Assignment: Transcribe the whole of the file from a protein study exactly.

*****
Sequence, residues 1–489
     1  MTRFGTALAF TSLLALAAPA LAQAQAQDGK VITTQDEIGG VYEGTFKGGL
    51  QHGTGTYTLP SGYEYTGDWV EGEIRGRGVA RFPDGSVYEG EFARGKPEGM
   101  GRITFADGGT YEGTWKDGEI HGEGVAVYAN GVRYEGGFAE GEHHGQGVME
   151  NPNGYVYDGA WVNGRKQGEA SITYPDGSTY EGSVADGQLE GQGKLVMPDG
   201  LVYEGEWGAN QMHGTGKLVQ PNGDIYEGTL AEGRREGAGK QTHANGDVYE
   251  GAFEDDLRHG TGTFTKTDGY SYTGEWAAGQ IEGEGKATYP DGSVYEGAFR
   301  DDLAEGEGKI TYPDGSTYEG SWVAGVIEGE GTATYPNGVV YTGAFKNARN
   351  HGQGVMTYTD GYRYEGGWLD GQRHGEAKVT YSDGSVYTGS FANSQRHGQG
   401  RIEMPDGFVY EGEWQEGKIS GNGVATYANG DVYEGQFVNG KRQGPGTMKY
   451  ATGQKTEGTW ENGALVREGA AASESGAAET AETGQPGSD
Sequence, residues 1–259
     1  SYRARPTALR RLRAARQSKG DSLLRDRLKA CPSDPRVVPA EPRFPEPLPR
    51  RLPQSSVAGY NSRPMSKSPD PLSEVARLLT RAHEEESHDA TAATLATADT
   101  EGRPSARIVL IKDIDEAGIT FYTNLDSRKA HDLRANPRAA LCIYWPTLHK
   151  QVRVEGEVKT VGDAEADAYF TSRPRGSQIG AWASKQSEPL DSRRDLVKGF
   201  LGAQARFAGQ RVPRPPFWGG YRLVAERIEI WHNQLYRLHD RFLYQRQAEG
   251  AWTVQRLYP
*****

Sequence, residues 1–489
     1  MTRFGTALAF TSLLALAAPA LAQAQAQDGK VITTQDEIGG VYEGTFKGGL
    51  QHGTGTYTLP SGYEYTGDWV EGEIRGRGVA RFPDGSVYEG EFARGKPEGM
   101  GRITFADGGT YEGTWKDGEI HGEGVAVYAN GVRYEGGFAE GEHHGQGVME
   151  NPNGYVYDGA WVNGRKQGEA SITYPDGSTY EGSVADGQLE GQGKLVMPDG
   201  LVYEGEWGAN QMHGTGKLVQ PNGDIYEGTL AEGRREGAGK QTHANGDVYE
   251  GAFEDDLRHG TGTFTKTDGY SYTGEWAAGQ IEGEGKATYP DGSVYEGAFR
   301  DDLAEGEGKI TYPDGSTYEG SWVAGVIEGE GTATYPNGVV YTGAFKNARN
   351  HGQGVMTYTD GYRYEGGWLD GQRHGEAKVT YSDGSVYTGS FANSQRHGQG
   401  RIEMPDGFVY EGEWQEGKIS GNGVATYANG DVYEGQFVNG KRQGPGTMKY
   451  ATGQKTEGTW ENGALVREGA AASESGAAET AETGQPGSD
Sequence, residues 1–259
     1  SYRARPTALR RLRAARQSKG DSLLRDRLKA CPSDPRVVPA EPRFPEPLPR
    51  RLPQSSVAGY NSRPMSKSPD PLSEVARLLT RAHEEESHDA TAATLATADT
   101  EGRPSARIVL IKDIDEAGIT FYTNLDSRKA HDLRANPRAA LCIYWPTLHK
   151  QVRVEGEVKT VGDAEADAYF TSRPRGSQIG AWASKQSEPL DSRRDLVKGF
   201  LGAQARFAGQ RVPRPPFWGG YRLVAERIEI WHNQLYRLHD RFLYQRQAEG
   251  AWTVQRLYP